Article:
The Canterbury Tales by Geoffrey Chaucer

The Squire's Tale Analysis

Because the Squire’s Tale is unfinished, it is difficult to analyze it well: is it missing pieces because parts of the manuscript have been lost, or because Chaucer never finished it in the first place? Or there may be a third explanation: the tale is interrupted by the Franklin precisely at the point where we might expect one of Chaucer’s “trick-interrupted” endings, such as that finishing the “Tale of Sir Thopas.”

A few points are clear. The tale breaks off just as the narrator is explaining how Cambalo won his wife. This may seem unremarkable, until we remember that Cambalo is Canacee’s brother, and that the Man of Law has already commented on how Canacee’s story is one of incest – and that Chaucer has previously been too decent to tell it. At the point at which the story breaks off, the narrator is about to tell the story of Cambalo and Canacee, but doesn’t. Is the tale missing or unfinished, or does it end here deliberately in order to protect Chaucer’s reputation? It is impossible to tell.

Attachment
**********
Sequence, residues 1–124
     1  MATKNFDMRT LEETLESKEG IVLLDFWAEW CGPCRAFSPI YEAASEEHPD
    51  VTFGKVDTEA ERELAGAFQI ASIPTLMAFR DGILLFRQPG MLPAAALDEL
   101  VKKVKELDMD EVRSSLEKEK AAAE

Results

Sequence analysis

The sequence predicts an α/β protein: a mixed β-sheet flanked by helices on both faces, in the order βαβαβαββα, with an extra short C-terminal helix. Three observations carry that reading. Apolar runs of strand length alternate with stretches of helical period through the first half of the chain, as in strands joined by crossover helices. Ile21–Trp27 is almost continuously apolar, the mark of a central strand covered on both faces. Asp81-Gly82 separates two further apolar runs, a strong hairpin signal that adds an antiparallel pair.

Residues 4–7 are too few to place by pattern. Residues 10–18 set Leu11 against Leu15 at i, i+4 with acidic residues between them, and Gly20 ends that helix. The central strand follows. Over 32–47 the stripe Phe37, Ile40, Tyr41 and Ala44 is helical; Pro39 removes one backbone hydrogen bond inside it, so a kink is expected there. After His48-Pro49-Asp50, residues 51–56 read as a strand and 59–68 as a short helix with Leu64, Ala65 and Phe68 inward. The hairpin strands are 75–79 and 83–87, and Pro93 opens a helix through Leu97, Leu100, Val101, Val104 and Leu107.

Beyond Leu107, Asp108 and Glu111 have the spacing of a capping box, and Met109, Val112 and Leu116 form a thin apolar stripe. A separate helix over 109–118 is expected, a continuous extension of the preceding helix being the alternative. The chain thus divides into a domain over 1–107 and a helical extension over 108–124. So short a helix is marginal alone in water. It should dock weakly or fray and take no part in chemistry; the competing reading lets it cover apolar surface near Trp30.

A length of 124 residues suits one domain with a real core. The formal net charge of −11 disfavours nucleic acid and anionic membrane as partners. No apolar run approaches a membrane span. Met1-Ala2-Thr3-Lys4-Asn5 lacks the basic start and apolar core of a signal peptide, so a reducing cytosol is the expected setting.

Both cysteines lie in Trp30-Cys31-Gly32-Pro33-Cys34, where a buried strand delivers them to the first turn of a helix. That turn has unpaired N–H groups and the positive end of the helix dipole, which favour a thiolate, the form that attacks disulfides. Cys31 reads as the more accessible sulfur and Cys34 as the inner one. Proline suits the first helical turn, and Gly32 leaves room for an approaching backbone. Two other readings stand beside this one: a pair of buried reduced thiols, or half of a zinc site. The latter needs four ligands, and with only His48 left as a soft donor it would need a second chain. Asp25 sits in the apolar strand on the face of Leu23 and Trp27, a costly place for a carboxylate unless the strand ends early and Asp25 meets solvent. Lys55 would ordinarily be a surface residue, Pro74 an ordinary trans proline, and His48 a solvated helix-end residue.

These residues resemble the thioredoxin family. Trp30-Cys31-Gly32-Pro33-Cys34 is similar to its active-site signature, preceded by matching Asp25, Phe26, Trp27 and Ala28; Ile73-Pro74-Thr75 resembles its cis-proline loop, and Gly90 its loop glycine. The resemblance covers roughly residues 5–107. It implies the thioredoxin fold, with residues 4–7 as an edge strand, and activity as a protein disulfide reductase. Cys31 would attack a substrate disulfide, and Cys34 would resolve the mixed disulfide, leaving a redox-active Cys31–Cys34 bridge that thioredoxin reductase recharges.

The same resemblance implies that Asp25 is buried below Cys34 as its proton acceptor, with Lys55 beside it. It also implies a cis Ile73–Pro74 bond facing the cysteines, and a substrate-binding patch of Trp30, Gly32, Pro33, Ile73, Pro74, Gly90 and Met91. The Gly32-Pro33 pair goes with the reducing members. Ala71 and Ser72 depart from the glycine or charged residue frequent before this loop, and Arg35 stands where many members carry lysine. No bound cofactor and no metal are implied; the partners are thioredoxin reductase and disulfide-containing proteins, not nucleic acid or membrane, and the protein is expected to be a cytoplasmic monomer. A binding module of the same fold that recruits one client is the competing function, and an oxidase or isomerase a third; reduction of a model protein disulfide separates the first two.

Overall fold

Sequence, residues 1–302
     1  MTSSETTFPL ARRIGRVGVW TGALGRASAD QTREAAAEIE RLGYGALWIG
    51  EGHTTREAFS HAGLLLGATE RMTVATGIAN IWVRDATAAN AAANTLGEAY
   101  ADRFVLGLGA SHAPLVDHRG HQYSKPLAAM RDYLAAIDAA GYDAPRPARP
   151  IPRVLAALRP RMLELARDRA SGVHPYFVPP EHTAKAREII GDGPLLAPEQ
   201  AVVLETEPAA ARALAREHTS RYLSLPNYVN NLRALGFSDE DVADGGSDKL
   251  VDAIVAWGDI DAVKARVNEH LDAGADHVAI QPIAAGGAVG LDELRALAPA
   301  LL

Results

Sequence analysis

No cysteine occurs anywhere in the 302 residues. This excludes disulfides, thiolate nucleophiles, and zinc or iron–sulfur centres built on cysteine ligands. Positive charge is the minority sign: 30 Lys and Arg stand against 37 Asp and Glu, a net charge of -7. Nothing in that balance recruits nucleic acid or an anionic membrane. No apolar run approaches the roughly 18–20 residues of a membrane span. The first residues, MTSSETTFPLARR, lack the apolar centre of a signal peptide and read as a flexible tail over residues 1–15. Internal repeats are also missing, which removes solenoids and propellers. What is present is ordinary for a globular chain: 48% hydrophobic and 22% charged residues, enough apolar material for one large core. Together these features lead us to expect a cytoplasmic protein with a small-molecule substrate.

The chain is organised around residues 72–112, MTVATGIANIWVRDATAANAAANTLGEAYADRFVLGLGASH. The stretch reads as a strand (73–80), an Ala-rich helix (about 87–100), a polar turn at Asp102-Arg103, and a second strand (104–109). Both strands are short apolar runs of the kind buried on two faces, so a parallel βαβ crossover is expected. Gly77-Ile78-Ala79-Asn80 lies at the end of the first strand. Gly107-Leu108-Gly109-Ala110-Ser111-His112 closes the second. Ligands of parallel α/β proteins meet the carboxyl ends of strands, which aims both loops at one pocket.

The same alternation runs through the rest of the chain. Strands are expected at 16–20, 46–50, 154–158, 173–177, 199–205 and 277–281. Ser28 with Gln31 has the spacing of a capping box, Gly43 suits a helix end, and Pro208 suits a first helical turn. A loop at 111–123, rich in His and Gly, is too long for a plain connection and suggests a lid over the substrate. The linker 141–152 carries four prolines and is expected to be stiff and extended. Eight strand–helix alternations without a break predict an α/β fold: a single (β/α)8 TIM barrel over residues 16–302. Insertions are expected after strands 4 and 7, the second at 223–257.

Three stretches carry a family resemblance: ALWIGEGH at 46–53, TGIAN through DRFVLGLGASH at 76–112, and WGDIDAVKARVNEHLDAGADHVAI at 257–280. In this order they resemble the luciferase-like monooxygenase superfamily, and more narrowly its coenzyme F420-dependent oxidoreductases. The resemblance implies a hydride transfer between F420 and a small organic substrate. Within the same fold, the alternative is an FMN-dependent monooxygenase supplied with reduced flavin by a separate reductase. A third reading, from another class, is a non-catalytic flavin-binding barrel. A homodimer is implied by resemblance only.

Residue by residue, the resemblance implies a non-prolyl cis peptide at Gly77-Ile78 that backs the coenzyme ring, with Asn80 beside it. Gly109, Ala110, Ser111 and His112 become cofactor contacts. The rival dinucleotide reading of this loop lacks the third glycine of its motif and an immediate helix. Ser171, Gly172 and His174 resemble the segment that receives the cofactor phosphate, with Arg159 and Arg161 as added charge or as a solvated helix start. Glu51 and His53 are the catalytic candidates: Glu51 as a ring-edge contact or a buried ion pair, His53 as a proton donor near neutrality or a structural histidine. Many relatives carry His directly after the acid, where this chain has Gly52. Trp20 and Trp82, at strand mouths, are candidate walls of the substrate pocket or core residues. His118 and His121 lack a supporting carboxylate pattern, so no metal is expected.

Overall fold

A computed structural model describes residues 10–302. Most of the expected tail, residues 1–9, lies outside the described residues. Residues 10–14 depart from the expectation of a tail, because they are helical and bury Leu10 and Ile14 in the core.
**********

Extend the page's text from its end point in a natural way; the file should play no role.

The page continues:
In addition, immediately after the Squire’s Tale breaks off, the Host announces what appears to be a change in the game. He describes everyone as telling “a tale or two,” rather than the four per pilgrim that were part of the original deal. This may indicate that Chaucer has realized that the scope of the project is simply too large, and that trimming the Squire’s Tale is one way to cut back.

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